Rwanda and Zaire on brink of all-out war

Bukavu faces catastrophe as Tutsi rebels close in, writes David Orr
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Nairobi -The crisis in the Great Lakes region of central Africa escalated dramatically yesterday as Rwandan and Zairean troops exchanged gunfire and mortar rounds over their border. Having repeatedly denied involvement in the conflict between rebels and the Zairean army (FAZ) in eastern Zaire, Rwanda has admitted its forces retaliated when the Rwandan town of Cyangugu was shelled from across the Ruzizi River, which separates the two countries.

The Zairean forces are understood to have attacked Rwandan refugees who had crossed back into their homeland to escape eastern Zaire's war between the FAZ and the rebels belonging to the region's ethnic Tutsi community, the Banyamulenge. Explosions sounded late into the night as the fighting continued between Rwandan and Zairean troops.

The town of Bukavu, only hundreds of yards across the border from Cyangugu, was last night poised to fall to the Banyamulenge rebels whose insurgency has cut a swath of panic and destruction though the eastern region of Zaire. Mortars landed in the outskirts of the provincial capital of South Kivu while the rebels exchanged gunfire with the FAZ.

There are fears of further carnage if the well-armed Banyamulenge fighters manage to take Bukavu. Burundian refugees fleeing fighting further to the south say that in the rebel-held town of Uvira, 60 miles away, hundreds of people have been killed. The rebels took Uvira, at the northern end of Lake Tanganyika, last week.

"At Uvira the situation is bad," said one Burundian refugee who had returned to his homeland. "There is nobody there except the Banyamulenge military and the bodies of people killed in the fighting. I saw hundreds of corpses in the streets."

Half a million refugees, most of them Rwandans, have been uprooted from their camps in eastern Zaire by the fighting. A number of the camps, havens for Hutus who have fled unrest in both Rwanda and Burundi, are reported to have been attacked by the Tutsi rebels. Zaire claims the camps have also been shelled by Rwandan forces whom they accuse of arming the Banyamulenge insurgency.

The Banyamulenge say they are fighting to establish their rights to Zairean citizenship withdrawn in 1981. The Zairean authorities last month announced their intention to expel the third of a million Banyamulenge, prompting the armed backlash.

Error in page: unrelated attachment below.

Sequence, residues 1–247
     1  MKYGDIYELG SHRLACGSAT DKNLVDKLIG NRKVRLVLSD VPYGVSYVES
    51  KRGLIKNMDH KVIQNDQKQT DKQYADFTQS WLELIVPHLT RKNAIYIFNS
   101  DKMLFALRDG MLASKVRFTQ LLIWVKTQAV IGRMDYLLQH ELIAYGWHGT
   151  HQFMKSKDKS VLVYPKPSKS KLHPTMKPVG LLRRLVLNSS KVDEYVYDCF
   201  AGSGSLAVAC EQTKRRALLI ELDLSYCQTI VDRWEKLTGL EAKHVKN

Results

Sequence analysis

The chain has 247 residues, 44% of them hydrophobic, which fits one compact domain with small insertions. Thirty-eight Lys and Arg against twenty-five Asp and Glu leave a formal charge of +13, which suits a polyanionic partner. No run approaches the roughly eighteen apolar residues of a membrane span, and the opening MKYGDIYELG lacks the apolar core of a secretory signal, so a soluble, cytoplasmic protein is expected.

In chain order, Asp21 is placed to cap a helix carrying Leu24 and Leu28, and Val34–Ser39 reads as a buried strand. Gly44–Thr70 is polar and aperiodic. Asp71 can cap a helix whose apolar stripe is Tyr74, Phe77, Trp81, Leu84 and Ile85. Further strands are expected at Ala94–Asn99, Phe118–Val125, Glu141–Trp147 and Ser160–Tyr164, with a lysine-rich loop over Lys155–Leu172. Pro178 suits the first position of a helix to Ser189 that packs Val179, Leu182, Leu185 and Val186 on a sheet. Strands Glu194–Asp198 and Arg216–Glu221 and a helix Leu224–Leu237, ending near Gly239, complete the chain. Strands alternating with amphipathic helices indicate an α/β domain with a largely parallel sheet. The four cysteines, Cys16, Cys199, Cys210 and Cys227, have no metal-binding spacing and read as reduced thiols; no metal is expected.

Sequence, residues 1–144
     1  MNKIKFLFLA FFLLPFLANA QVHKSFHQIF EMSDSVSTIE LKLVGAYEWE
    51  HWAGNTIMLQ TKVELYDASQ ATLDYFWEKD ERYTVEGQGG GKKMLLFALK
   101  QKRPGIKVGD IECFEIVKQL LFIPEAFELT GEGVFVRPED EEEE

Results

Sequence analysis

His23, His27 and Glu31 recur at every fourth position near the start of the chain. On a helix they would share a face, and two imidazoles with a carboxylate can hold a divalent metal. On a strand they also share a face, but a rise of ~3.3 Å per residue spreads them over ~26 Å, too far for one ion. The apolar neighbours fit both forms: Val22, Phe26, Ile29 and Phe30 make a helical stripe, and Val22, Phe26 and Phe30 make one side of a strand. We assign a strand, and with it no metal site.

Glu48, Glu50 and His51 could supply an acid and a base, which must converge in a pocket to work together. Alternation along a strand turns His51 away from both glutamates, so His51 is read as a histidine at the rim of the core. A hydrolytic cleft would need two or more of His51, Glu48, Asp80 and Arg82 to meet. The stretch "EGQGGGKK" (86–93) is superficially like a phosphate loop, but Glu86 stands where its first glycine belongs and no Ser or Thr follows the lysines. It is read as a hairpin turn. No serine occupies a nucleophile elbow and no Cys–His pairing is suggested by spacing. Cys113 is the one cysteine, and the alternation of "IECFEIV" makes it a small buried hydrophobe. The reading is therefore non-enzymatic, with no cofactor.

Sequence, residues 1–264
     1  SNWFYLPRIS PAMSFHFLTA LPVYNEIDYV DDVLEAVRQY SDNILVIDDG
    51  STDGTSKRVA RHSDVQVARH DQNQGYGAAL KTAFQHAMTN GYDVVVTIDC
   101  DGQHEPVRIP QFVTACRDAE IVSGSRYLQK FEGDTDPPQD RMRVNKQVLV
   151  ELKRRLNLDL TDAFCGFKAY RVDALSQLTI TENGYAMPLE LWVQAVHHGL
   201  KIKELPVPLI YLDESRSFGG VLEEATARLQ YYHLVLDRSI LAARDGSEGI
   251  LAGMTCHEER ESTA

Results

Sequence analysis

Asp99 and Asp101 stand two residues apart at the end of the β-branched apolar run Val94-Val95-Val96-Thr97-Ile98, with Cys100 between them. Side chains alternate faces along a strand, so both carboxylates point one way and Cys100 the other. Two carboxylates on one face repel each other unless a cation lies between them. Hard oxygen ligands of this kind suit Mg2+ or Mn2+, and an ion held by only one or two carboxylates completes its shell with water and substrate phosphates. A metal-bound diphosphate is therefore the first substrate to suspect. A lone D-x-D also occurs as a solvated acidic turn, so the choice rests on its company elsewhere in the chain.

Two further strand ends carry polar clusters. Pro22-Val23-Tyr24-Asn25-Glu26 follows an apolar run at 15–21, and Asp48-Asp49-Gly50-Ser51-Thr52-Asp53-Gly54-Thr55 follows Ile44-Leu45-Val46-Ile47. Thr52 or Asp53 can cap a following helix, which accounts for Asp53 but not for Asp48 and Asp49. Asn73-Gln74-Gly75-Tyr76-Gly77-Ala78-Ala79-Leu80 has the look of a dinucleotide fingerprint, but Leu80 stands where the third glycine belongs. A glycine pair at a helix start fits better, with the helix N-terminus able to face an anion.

What began as a local dispute has spiralled into all-out war. The conflict threatens the whole of central Africa. There are fears that the Tutsi- dominated armies of both Rwanda and Burundi will be sucked into the fighting on the side of the Banyamulenge.

With Zaire's President Sese Seko Mobutu still in Switzerland, where he is being treated for prostate cancer, Zaire is more unstable than ever. A government spokesman said President Mobutu had placed North and South Kivu provinces under emergency rule. The border with Rwanda remains closed and thousands of Zairean troop reinforcements have been drafted into the area.

"The situation in eastern Zaire is now desperate," said a spokesman for the United Nations High Commissioner for Refugees. "UNHCR is cut off from all but 400,000 of the one million refugees in eastern Zaire."

Burundi has deployed hundreds of extra troops along its western front to prevent the Hutu rebels from entering the country.

The Zairean government has called for international intervention to put an end to the crisis. The UN has continued diplomatic efforts to stop the fighting but has not dispatched a mission to the region. The European Union has dispatched an envoy to Rwanda. The United States has said it will not intervene in eastern Zaire, while France has said it will not become involved.

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